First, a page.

Monday, 20 April 2009

Oh, Tess

I came to Thomas Hardy's Tess of the D'Urbervilles quite late, as in, early this year. I'd read most of his other books in High School and beyond but somehow, Tess and I never met. When we did, via audiobook from Audible on many a bus trip to and from work, it was sudden, instant love. I don't know how I lived to the ripe old age of thirty six without knowing the first thing about this book, other than that it was considered traumatic.

Traumatic is fine by me. I can do trauma in my literature. I'm not afraid to be upset. I'm not unwilling to feel. I don't even mind that I will always feel sad when I think of the book. There's a place for sad and Tess Durbeyfield's story is certainly that.

But it's also beautiful, challenging and compelling. Hardy was misunderstood in his time; his exploration of sexual morality made him unpalatable for 19th century reader. There's an honesty and openness in his work that resonates for us now, I think. He was not afraid to dig deep beneath the surface, to examine the accepted morality of the day and expose the damage inflicted by those who upheld it.

You could say I was still reeling from the horror of reading the novel when the recent adaptation, not yet screened in Australia, landed in my hands last week, courtesy of a very dear friend in the UK. She knew I would love this.

Writing a review is not an easy thing. I read a lot of reviews of this adaptation, which stars "Bond Girl" Gemma Arteton (I've never seen her in the Bond Girl role) and they all do things I'm not going to do - go blow by blow into analysis.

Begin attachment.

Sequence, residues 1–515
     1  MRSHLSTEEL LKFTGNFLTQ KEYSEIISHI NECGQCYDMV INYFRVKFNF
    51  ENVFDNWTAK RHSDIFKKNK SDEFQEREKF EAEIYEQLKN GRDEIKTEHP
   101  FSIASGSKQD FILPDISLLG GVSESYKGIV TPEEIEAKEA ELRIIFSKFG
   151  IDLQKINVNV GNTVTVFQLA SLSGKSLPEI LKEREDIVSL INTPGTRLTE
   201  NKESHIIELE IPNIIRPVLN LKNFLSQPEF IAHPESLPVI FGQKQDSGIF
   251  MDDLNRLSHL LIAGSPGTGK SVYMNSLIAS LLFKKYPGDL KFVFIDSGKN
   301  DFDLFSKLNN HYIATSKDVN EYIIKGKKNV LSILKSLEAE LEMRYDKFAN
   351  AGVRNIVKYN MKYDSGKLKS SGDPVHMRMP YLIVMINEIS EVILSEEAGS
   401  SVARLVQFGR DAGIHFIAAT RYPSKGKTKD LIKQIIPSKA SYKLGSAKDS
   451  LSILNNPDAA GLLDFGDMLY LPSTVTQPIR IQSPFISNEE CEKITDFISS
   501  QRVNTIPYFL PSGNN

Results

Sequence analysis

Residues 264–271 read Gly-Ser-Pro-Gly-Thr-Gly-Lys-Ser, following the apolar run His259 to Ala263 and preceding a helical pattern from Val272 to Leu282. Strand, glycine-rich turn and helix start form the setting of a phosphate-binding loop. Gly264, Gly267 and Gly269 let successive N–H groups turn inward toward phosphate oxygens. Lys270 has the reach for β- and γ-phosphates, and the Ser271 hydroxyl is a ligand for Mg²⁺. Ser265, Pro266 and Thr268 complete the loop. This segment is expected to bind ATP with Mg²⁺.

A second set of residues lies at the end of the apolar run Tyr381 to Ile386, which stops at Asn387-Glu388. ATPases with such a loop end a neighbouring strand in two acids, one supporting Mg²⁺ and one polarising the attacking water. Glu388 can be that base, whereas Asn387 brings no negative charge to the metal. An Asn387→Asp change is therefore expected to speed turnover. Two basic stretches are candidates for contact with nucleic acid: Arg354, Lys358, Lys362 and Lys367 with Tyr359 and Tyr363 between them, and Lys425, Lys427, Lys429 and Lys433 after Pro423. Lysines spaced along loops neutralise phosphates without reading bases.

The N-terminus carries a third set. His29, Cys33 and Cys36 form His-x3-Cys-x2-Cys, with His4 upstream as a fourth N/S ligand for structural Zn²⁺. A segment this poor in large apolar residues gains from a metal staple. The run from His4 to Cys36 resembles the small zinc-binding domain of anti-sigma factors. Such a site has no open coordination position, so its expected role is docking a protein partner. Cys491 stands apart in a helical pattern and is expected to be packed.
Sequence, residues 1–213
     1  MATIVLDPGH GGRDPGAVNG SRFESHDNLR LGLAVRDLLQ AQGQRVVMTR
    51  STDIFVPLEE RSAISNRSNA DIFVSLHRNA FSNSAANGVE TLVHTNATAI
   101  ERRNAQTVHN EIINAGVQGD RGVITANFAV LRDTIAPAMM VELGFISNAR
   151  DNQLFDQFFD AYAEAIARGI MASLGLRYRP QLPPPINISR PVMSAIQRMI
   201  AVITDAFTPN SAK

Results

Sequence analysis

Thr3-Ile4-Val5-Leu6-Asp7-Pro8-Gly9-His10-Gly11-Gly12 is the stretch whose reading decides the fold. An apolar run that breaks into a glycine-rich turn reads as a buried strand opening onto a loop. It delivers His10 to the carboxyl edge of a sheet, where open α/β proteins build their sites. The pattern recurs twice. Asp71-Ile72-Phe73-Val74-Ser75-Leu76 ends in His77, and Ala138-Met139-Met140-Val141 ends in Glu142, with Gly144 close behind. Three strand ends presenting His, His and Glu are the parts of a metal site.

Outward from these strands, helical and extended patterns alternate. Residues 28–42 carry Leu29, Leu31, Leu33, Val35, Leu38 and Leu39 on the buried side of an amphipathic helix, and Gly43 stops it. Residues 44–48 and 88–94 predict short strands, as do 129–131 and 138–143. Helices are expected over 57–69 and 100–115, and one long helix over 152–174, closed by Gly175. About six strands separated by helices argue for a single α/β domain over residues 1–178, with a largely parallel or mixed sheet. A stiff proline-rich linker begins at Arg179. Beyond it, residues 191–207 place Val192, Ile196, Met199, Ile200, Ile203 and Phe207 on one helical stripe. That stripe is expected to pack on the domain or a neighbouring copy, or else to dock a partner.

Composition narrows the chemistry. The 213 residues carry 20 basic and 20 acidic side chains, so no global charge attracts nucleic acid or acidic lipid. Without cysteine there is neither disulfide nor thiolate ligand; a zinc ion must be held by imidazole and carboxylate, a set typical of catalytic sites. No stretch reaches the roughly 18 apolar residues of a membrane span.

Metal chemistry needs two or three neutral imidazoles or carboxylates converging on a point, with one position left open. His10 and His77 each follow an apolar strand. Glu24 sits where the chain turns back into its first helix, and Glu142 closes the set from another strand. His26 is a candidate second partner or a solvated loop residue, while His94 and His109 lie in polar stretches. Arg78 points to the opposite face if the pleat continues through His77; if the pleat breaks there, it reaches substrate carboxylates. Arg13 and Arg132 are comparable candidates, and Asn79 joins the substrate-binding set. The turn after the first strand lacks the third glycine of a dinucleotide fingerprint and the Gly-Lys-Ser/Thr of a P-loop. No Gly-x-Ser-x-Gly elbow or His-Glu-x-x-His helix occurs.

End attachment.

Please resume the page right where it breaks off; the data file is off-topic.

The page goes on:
If you know the story, you won't need to read the details again. If you don't, it's perhaps enough to say that it's a gut-wrenching story in which you hope with each page that maybe, just for a moment, Tess Durbeyfield will be given some reprieve from the torment and suffering that life dishes out to her.

It all starts out so well, so idyllic. Life in Hardy's fictional county, Wessex on a spring day.

But it doesn't last. Soon there are the men. Alec D' Urberville. Damn, why do the bad ones have to be so very attractive?

And Angel Clare.

One looks as dark and menacing as the other does kind and good. Don't let the look of them deceive you. They are both as reprehensible as each other in the end, both contributing equally, though differently, to the tragedy of Tess's life.

On and on the suffering goes, played out against the prettiness of England's west country, among people with alarming superstitions and limited moral understanding.

By the time the four part series reaches Stonehenge, you've lived a lifetime with Tess, who is barely out of girlhood. The trainwreck ends and I have to say, knowing the end was coming I was full of trepidation. What would they show? What wouldn't they show?

There are several points like that in the story, moments of pure hell which the makers of the adaptation handled carefully, sympathetically and, most importantly, without the heavy handedness that could so render this story utterly unwatchable.

Gemma Arteton, who I had only seen previously, and recently, in Lost in Austen as Lizzie Bennett, gave gentle, beautiful grace to this role. She gives us a Tess who, though a victim, refuses to live like one.

Beautiful. I'll be watching it again. And again. Thank you for sending it to me, Sharon. You made my week. xo


ps the contest is yet to be judged. Just have to pin Sean down to do the judging!